Is Apple the Next Sony or the Next RIM?

Let's take a little trip down memory lane.

It's Jan. 9, 2007. Legendary Apple (Nasdaq: AAPL  ) CEO Steve Jobs has just presented the first iPhone, sparking a smartphone market that still unfolds some five years later. The established leaders in high-end handset wizardry at the time are Research In Motion (Nasdaq: RIMM  ) and Nokia (NYSE: NOK  ) , though Americans might be forgiven for recognizing the BlackBerry fever faster than the more global Symbian phenomenon.

It's all good. A rising tide lifts all boats, but Apple's more than others. The whole sector is on the rise.

That is, until the next holiday season reveals Apple as the obvious winner in the early smartphone wars. Nokia and RIM failed to adjust to the new reality, and this is what happened:

NOK and RIMM Market Caps Chart

NOK and RIMM Market Caps data by YCharts

This was unthinkable five years ago. The CrackBerry craze seemed unstoppable. Nokia owned a $150 billion market cap on a parabolic rise. Apple knew nothing about mobile phones. How could an iPod Touch with some phone circuits possibly challenge the entrenched top dogs?

But that's what happened. Today, RIM and Nokia are on life support while Apple is the world's largest company by market cap. There's no stopping the Cupertino cash machine.

Stop me if you've heard that one before
History is apt to repeat itself, my friends. Apple and Android are killing the Nokia and BlackBerry platforms, which already destroyed Palm, pagers, and PDAs. There's always another revolution waiting just around the corner. How do you know Apple's head won't be next on the chopping block?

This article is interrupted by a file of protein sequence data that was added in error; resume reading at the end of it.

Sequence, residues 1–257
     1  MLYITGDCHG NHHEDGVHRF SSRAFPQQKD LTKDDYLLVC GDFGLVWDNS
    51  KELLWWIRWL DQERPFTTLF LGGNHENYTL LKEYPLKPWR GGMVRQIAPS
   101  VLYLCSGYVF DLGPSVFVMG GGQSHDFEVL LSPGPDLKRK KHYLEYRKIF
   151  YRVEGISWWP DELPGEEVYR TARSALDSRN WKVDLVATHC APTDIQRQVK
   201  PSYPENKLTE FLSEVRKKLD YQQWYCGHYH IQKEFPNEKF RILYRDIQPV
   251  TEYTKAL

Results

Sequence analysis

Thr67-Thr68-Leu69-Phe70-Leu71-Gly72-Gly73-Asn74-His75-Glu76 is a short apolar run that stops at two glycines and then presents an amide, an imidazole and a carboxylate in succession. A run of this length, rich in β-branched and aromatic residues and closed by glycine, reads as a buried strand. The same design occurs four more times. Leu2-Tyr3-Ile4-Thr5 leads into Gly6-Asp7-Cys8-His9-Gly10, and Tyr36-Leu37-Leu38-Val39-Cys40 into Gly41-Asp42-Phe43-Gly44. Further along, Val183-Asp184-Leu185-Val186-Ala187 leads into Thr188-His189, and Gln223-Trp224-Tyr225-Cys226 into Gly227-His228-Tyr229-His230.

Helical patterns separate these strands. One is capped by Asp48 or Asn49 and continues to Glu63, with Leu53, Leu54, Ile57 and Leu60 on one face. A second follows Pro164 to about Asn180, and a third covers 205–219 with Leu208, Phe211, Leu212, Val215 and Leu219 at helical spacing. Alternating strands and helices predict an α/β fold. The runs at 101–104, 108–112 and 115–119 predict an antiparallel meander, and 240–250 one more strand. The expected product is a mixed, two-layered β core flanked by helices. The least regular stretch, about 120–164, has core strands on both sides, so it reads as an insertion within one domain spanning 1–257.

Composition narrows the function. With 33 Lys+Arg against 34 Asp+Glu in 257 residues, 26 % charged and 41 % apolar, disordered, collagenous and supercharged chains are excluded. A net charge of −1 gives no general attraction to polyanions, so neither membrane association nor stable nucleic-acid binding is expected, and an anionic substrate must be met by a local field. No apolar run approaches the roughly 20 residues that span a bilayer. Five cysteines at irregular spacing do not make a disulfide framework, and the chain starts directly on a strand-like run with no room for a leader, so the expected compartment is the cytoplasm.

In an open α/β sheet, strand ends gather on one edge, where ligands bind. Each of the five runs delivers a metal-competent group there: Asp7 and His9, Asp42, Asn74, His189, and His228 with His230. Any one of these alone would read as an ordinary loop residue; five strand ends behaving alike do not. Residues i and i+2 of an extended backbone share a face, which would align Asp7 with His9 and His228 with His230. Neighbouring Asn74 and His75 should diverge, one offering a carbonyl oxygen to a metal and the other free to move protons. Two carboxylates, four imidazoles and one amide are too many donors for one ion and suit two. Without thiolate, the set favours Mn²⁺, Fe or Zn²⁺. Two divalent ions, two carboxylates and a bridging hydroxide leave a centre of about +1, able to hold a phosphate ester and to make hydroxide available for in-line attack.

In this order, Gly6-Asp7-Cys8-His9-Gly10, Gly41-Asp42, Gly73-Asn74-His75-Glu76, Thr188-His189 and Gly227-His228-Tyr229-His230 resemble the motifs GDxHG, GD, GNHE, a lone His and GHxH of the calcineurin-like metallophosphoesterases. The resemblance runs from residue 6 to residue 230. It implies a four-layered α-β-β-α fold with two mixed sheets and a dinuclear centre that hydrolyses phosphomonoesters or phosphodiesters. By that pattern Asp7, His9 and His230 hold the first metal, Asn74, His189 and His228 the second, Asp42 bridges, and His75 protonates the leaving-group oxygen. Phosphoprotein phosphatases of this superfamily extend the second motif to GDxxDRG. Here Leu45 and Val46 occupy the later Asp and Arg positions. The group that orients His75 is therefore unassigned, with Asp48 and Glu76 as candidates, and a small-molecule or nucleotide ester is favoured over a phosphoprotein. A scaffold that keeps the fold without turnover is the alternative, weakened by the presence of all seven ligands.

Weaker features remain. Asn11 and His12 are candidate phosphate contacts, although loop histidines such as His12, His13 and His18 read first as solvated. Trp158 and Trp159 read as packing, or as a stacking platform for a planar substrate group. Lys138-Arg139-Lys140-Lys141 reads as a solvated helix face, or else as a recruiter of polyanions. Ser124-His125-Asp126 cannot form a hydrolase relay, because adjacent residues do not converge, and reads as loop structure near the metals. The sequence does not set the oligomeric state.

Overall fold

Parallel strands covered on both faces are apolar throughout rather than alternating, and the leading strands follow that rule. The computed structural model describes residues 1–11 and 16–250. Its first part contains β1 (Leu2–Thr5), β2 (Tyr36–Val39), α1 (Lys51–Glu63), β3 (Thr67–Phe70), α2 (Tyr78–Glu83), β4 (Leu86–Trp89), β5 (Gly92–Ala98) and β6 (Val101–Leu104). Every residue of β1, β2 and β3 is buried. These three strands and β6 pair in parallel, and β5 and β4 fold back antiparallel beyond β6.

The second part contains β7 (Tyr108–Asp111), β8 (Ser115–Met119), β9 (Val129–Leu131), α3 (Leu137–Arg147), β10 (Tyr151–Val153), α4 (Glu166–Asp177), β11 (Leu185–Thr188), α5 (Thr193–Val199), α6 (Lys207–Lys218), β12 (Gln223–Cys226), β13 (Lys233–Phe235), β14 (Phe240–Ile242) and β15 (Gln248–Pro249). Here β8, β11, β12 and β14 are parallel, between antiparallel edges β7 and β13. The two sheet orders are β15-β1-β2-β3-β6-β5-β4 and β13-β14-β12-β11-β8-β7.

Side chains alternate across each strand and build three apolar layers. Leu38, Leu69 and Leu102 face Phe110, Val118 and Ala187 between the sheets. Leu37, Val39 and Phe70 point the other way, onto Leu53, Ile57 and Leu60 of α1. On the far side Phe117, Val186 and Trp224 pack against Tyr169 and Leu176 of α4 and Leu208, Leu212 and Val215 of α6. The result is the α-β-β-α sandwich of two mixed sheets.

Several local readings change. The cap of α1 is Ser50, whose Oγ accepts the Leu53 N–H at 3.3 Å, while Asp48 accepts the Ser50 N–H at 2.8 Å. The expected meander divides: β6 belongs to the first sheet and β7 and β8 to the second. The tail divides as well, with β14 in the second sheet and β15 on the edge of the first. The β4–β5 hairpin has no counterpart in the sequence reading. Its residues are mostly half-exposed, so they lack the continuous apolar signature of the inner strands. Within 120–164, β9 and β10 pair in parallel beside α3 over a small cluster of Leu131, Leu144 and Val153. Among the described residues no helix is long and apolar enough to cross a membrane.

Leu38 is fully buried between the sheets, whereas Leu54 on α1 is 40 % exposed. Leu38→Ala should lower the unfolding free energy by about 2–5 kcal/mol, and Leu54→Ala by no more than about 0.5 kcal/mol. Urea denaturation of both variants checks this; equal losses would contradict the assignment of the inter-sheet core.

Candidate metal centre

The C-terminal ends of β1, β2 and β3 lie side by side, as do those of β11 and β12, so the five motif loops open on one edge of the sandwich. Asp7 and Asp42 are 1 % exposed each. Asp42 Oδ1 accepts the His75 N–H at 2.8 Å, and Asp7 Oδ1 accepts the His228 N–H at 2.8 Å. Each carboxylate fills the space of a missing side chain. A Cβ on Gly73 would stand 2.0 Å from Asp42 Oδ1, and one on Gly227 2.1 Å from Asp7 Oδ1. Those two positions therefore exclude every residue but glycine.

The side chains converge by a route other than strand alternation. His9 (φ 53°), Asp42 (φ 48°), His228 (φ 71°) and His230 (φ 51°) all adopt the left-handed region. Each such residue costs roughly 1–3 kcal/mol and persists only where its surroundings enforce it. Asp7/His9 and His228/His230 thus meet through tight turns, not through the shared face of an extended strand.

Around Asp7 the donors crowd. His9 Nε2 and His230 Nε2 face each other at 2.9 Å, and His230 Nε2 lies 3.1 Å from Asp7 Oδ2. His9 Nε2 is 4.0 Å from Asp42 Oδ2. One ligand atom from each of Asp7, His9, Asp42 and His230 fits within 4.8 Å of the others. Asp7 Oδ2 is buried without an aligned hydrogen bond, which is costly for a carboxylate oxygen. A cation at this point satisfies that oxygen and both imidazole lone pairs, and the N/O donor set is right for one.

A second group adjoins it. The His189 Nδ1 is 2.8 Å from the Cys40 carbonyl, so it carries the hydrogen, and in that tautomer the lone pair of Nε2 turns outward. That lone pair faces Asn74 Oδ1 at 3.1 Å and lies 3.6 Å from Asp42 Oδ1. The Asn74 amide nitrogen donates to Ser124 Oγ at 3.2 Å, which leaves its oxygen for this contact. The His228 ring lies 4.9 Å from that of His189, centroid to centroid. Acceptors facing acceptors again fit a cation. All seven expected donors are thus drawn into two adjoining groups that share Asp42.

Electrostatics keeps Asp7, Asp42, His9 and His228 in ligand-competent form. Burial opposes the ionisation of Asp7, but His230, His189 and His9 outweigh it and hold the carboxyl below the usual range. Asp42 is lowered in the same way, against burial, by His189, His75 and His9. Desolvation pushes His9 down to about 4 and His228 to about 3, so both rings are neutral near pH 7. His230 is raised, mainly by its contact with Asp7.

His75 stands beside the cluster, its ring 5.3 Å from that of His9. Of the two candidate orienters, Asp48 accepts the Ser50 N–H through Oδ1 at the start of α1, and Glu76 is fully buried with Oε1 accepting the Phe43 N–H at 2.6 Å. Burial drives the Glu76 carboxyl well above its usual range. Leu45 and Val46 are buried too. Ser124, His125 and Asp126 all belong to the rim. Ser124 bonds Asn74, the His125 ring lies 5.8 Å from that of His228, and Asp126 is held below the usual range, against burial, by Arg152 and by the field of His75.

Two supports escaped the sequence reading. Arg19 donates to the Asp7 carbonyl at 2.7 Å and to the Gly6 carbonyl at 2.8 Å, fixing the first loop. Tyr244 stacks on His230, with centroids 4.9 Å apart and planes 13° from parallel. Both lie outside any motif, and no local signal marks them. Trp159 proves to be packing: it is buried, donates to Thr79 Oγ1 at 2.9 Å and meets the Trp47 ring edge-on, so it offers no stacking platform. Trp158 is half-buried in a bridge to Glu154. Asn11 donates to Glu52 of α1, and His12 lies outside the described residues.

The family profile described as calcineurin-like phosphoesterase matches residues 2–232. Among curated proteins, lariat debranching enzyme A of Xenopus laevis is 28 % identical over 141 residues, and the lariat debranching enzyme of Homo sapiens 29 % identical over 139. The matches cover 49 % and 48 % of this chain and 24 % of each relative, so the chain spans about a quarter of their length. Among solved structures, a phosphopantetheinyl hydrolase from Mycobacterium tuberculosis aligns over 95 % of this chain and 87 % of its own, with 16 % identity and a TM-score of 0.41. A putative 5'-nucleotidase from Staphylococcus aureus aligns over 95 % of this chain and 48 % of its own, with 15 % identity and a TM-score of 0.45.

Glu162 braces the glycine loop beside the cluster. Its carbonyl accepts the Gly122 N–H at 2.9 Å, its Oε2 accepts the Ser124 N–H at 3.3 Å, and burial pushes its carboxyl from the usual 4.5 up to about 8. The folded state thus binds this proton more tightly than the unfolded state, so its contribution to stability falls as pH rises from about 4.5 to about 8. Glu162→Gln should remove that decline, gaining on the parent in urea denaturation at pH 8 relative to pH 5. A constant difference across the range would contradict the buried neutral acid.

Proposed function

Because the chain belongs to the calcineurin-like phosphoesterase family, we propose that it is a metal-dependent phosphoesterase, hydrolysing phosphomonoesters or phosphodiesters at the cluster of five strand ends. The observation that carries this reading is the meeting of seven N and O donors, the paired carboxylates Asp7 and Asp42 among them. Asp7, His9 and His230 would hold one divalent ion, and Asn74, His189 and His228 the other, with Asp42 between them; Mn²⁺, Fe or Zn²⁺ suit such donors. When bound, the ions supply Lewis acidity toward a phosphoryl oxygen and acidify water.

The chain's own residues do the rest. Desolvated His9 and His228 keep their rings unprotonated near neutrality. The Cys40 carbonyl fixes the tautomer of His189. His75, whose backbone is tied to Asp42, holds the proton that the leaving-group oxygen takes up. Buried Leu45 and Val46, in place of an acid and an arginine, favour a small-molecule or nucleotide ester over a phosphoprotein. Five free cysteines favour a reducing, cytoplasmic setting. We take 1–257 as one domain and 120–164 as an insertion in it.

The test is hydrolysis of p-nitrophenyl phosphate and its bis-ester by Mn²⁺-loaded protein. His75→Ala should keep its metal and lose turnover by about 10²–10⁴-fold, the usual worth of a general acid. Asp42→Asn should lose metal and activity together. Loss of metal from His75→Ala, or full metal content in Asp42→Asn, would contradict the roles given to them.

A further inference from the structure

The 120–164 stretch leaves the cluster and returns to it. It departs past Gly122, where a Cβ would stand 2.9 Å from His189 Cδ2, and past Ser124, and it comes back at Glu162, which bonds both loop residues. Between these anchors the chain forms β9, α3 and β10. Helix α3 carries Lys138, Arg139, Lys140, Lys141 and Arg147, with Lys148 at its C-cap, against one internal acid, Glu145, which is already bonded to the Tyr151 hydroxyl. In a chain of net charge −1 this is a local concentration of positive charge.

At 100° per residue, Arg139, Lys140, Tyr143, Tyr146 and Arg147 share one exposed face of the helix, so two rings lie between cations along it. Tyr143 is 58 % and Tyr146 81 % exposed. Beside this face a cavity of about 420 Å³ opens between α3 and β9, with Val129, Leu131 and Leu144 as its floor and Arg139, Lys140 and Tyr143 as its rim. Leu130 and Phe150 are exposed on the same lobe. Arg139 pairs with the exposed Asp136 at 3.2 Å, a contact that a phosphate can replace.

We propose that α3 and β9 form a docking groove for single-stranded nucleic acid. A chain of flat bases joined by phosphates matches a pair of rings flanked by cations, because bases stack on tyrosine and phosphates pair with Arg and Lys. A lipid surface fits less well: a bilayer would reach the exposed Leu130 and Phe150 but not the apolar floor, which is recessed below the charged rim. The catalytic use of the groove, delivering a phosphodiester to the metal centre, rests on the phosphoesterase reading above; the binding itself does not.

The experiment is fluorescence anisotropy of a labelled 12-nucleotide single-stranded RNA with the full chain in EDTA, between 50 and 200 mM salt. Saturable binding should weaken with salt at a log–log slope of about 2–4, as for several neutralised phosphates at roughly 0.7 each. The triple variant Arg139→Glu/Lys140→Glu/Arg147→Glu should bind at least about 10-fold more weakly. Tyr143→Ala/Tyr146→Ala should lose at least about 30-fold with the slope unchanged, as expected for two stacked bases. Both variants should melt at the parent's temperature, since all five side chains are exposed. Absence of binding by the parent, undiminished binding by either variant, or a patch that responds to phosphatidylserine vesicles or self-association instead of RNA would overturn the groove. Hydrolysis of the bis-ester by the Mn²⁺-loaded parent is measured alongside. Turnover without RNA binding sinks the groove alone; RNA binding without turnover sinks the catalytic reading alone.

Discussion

I know, you've heard this song before: The sky is falling, the wolves are coming for real this time, Apple is too big to fail. Go home, you eternal Apple bear, Chicken Little, boy who cried wolf.

Laugh it off if you want, but don't act too surprised when Cupertino's collapse comes. It's been lonely here in the land of Apple skeptics, but that's changing as we speak.

Listen to this broken record
You might remember High-Tech Strategist editor Fred Hickey as the guy who called the demise of RIM before it happened. Here's a clip from fellow fool Rick Munarriz's take on that call:

"RIM has a market valuation of $75 billion, but just 1% of the cell phone market. Nokia has a market cap of $100 billion, and a 40% market share. What kind of upside is there at this valuation?" Sure, he didn't point out how RIM milks a whole lot more out of every BlackBerry user, but it's an interesting point.

Chilling, isn't it? Collecting the lion's share of smartphone profits on a minuscule market share didn't work out so well for RIM in the end. Why would Apple be any different?

Indeed, Hickey is back with harsh analysis of the new profit leader. The latest installment of his newsletter says that the "parabolic fever" for Apple stock has broken, perhaps forever. "If so, Apple's stock will continue to break down, frustrating the Appleholics who will buy on every dip, citing the 'low' valuations," Hickey says. "They will buy it all the way down."

Hickey's motivations for shorting Apple ring all too true: "Only in hindsight (years later) will they know that Apple's $600 billion valuation could not be sustained, that Apple is a consumer product company subject to the whims of consumers. That Apple sells commodity type products: phones, PCs and PC-type products (tablets) where margins could not possibly be sustained at current levels."